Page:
Enbridge Line 3 construction might be nearly done, but efforts to stop it from operating are far from over. Lawsuits are still pending.
Yet as we continue the important work of Line 3 resistance, we also need to have a keen focus on the broken regulatory system that approved Line 3, and is backing harmful projects such as the PolyMet Mine.
Line 3 provides an important window into that broken regulatory system. The term now in vogue is “regulatory capture.”
Regulatory capture is an economic theory that says regulatory agencies may come to be dominated by the industries or interests they are charged with regulating. The result is that an agency, charged with acting in the public interest, instead acts in ways that benefit … the industry it is supposed to be regulating.Investopedia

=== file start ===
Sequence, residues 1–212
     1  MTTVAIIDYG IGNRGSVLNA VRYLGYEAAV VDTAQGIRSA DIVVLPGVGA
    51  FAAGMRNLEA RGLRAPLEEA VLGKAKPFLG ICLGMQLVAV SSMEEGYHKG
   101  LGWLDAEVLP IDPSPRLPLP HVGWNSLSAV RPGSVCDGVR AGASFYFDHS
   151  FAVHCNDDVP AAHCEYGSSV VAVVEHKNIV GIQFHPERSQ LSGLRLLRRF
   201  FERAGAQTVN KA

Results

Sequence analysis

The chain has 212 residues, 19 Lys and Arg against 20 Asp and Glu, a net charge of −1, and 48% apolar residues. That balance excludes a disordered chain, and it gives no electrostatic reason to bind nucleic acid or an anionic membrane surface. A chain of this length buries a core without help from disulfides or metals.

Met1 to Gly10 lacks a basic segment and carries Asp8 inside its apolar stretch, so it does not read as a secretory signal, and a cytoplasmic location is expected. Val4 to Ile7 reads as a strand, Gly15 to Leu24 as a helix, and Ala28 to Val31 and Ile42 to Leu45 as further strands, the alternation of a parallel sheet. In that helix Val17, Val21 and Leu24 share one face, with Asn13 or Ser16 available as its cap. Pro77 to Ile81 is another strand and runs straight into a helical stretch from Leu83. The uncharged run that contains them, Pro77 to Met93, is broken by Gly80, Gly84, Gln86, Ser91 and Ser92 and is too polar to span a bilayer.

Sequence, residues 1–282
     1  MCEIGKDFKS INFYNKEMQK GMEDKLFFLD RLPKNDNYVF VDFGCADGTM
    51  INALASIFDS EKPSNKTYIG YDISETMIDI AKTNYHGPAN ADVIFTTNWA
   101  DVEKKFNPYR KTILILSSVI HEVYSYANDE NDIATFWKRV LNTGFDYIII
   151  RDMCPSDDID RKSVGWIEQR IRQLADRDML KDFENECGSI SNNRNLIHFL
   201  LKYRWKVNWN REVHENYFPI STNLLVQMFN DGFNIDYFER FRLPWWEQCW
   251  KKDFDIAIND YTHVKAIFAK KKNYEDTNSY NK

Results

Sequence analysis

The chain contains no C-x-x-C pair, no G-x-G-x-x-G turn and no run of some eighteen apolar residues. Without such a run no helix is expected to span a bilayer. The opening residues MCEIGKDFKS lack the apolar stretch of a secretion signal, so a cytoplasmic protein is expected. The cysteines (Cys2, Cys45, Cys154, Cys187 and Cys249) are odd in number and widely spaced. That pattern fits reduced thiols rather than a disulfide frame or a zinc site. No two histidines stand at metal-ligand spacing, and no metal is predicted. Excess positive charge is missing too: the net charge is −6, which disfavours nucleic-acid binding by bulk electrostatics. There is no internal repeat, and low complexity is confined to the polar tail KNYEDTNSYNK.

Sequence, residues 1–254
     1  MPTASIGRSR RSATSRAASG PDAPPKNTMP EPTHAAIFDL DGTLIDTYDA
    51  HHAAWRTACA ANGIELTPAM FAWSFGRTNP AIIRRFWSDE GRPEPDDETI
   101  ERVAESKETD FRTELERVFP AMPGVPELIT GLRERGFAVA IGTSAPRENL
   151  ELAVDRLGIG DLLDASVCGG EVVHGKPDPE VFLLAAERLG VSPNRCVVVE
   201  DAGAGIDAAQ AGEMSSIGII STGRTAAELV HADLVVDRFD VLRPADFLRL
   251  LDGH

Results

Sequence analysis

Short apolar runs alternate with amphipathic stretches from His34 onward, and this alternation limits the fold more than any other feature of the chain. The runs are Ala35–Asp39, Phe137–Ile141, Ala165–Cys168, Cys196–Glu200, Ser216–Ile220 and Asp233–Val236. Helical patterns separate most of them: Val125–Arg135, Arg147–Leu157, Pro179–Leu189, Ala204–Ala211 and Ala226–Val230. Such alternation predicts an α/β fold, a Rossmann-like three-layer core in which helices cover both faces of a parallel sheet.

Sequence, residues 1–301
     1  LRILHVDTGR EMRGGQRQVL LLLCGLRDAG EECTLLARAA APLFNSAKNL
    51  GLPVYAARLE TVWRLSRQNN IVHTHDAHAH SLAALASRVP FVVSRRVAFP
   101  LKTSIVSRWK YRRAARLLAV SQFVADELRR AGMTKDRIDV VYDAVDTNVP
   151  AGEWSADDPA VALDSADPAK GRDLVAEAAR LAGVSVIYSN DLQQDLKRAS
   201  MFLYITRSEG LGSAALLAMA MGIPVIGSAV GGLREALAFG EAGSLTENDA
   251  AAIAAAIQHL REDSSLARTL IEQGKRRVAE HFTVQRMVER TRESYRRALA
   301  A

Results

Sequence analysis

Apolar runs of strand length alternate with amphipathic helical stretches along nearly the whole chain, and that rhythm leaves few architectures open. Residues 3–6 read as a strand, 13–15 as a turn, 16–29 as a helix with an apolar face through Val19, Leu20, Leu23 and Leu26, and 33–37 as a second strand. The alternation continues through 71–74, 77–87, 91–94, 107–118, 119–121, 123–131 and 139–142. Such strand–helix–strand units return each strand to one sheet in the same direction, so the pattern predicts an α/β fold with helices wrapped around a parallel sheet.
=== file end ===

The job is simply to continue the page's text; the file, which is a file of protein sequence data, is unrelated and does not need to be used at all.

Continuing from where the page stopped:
State officials have dodged tough questions and accountability for their flawed decisions and complicity in the harm Line 3 will bring. Local media has let us down with its thin coverage.
What follows is a set of 14 questions that our state leaders and regulators still need to answer. In broad terms, they are: How do you understand the “public interest?” How does citizen participation affect decisions or is it just for show? How are you holding polluters accountable?
We need to keep pressing for answers.